Nathan Hackett Interview
Nathan Hackett is an illustrator represented by the Anna Goodson Illustration Agency. He lives on the cusp of London, but originally is from the outer suburbs of Birmingham. Nathan has a fascination for architecture and the relationship its inhabitants have with city dwelling. His work focuses on the intricate details that make up mini-narratives and theatrical scenes all around us.
I have about 9kg of skin. That's not particularly peculiar about me. It's attached, and I mean we all typically do statistically. Perhaps I have slightly more than average as I do not moisturise.
Telegraph, Marie Curie, Olympus
I love drawing and I can't help myself really so I don't have much of a choice. I did a drawing when I was very young, somebody said it was good and then I got hooked to the affirmation. Perhaps I was a young sycophant.
At 10 my teacher told me about the drummer in his Beatles tribute band who was an illustrator, and said I should do that. I took it he meant a drummer in a Beatles tribute band but I figured it out eventually.
Pencil and ink for scribbling and composing then I put everything together on screen in photoshop typically. It's healthy to separate the two for me.
Eddie the Eagle Edwards, Wild E. Coyote and George Orwell, Buckminster Fuller and Georges Perec I think are hands down the most inspirational people/coyote's I can think of.
Relating to my work it's difficult to pin down. I think I am most stimulated by how people are equations of their environment or architectural surroundings and I like to try and relate to infra-ordinary things in a tangentially surreal way. That's a big pool to dip a toe into. I like comics. I am a big fan of Chris Ware, Will Eisner and Frans Masereel.
I don't go anywhere really but I want to comply with the question. I think reronaut.com and their picture time machine is great if you've decided you are going to go procrastinate. That and archive.org. It's a literal archive.
A cartoon in the New Yorker is on every illustrators bucket list I think? Maybe something substantial like illustrating the Sherlock Holmes series or designing a colony on Mars.
I'm not sure what to say. I have a coffee and then I go to my desk. You should ask me about the untypical days: they are very interesting.
Shrug it off.
I know writers and artists who recommend taking a break and walking away. Inspiration strikes in the shower, I think, because the pressure is off and you're not being bogged down by worry or frustration. If i'm stuck, maybe I'll go make a coffee and play with my ukulele a little but if you start diagnosing yourself with creative block too often it becomes problematic. There's no guarantee for when creativity will start flowing again by waiting to be caught off guard for an idea to strike so it doesn't sound like a reasonable solution all the time.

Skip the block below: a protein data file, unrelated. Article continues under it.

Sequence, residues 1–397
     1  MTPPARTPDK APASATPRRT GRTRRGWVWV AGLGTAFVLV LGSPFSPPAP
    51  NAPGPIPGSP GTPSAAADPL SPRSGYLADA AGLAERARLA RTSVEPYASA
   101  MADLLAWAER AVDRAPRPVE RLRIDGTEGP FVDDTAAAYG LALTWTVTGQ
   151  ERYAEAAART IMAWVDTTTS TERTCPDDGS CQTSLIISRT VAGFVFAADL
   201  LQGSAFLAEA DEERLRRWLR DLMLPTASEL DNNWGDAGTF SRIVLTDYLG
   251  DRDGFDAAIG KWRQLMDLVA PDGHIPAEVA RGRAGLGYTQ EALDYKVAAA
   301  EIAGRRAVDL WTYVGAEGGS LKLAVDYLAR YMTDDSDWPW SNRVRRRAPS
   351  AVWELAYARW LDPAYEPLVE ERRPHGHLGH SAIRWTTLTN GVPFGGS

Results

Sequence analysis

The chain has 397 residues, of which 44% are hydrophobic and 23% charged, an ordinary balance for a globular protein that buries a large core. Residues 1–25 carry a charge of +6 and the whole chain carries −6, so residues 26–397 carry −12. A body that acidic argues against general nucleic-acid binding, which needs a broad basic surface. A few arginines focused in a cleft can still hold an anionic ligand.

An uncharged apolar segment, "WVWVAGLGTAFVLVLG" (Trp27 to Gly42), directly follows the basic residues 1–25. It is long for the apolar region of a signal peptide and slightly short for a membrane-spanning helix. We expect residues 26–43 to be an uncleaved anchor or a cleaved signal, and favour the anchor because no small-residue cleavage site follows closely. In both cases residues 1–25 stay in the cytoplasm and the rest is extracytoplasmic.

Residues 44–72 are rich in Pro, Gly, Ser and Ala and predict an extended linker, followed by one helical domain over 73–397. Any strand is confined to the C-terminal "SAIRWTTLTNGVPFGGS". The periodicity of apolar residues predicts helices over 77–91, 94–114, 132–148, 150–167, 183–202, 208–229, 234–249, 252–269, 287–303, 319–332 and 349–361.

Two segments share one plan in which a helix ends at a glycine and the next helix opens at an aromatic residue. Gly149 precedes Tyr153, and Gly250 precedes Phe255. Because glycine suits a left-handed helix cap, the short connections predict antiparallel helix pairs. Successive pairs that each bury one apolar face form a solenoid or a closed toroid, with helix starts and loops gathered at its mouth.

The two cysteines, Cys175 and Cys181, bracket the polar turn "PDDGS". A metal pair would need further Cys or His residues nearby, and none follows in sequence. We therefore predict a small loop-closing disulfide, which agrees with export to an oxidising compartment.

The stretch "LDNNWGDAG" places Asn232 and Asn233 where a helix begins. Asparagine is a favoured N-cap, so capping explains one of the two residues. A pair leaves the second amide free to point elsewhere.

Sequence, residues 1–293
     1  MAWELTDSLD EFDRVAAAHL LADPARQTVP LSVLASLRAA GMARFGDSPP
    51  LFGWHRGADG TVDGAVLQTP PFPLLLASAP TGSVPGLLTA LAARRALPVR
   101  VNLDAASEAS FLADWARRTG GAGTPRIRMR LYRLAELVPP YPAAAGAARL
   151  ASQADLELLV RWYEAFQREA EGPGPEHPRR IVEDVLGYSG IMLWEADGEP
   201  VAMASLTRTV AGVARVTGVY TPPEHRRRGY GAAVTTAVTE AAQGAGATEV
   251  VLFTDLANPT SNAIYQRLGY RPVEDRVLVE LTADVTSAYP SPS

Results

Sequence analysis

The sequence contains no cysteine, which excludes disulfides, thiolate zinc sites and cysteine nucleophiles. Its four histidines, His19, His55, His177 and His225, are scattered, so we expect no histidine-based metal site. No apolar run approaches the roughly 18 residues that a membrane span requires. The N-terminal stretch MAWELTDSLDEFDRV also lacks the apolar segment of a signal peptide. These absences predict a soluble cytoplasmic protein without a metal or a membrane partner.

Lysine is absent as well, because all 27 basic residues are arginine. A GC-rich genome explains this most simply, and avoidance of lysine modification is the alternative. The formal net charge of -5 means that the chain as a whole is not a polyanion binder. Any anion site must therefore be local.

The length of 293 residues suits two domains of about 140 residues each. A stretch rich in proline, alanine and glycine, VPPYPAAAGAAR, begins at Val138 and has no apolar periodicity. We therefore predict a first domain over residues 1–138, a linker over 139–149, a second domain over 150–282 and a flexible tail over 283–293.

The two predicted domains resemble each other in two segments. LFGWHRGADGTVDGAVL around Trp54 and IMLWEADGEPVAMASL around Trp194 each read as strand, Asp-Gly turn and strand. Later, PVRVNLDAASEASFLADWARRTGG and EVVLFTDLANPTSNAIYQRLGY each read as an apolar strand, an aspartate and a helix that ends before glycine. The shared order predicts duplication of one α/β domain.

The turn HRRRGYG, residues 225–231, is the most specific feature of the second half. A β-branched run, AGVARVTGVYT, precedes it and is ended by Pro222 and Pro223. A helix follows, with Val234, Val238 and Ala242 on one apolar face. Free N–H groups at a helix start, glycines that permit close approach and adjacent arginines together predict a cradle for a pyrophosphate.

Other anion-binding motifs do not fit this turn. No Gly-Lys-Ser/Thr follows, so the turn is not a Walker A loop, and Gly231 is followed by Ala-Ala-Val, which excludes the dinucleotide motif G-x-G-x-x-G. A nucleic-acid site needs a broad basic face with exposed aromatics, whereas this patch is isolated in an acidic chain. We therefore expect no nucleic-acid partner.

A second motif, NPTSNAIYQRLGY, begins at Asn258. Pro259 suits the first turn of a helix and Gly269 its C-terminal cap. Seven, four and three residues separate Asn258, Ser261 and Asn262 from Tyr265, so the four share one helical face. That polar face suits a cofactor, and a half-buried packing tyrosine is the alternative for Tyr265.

I've seen too many talented people unable to make the first mark on paper because they've become too anxious and too intimidated by worrying it won't be any good, and you shouldn't be that precious if your goal is to get better. It's a waste of your talent. The anxiety of good is really getting in the way of anything good happening.
So, as somebody who is more neurotic and more critical than most, at a hurdle there probably is an elegant way over it, but run through it if you have to. It's heroic to even start so make that a measurable goal and progress happens because there is nothing to be nervous about: it doesn't matter if it's good yet because the victory is that it is anything at all. I try to work away at it until something clicks and most of the invigorating breakthroughs I've had have been by accident. I'm simply trying to increase the likelihood of something good happening. It's a reworking of the monkey at a typewriter analogy.
Get lucky. Being tenacious makes luck more probable.
Any advice I have I'm not always particularly great at following myself, so forgive my hypocrisies but have you ever thought about all the self help and 'how to be successful' books that fail to find a publisher?
I can think of two ways of increasing your luck. I guess the first would be to share your work to get it in-front of the right people at the right time to get you the right job. This is how chance works.
The second, and this trumps the first, is to work hard at getting good and confident in your work. I do worry that the culture of illustration forces early creatives into sharing into a medium that doesn't give the due attention an image deserves because of the demand for instantaneity and convenience. I think it gives some creatives too much pressure to overshare, take shortcuts and discourages allowing yourself room to percolate and mature on longer projects until it is ready to share. Please feel free to drop me an email for any help or questions but working hard is what I hope will eventually get you there.
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